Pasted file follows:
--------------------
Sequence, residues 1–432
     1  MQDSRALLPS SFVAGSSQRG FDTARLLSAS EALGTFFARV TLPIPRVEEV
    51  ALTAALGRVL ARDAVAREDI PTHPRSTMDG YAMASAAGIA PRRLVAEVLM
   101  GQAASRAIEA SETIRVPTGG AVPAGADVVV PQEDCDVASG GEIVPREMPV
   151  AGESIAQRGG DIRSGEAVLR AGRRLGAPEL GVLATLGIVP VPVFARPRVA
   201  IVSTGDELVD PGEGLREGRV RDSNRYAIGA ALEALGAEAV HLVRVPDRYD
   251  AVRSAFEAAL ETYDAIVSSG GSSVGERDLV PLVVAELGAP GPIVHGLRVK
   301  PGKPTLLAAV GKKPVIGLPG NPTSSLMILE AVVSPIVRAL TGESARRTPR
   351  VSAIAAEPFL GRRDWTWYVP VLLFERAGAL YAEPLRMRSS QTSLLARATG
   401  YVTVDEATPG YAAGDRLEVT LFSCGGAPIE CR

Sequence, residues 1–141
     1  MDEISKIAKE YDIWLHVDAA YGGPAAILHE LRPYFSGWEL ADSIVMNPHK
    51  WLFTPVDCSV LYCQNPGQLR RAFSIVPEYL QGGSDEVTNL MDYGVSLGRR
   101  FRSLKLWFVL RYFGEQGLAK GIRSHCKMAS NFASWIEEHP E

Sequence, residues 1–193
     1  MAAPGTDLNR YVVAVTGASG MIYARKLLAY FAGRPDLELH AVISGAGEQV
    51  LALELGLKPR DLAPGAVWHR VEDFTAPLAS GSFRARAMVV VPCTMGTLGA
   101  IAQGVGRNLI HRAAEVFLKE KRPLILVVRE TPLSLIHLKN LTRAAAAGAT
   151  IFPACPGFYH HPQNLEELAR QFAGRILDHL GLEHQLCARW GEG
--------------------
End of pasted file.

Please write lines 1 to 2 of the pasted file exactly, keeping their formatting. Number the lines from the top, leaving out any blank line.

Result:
Sequence, residues 1–432
     1  MQDSRALLPS SFVAGSSQRG FDTARLLSAS EALGTFFARV TLPIPRVEEV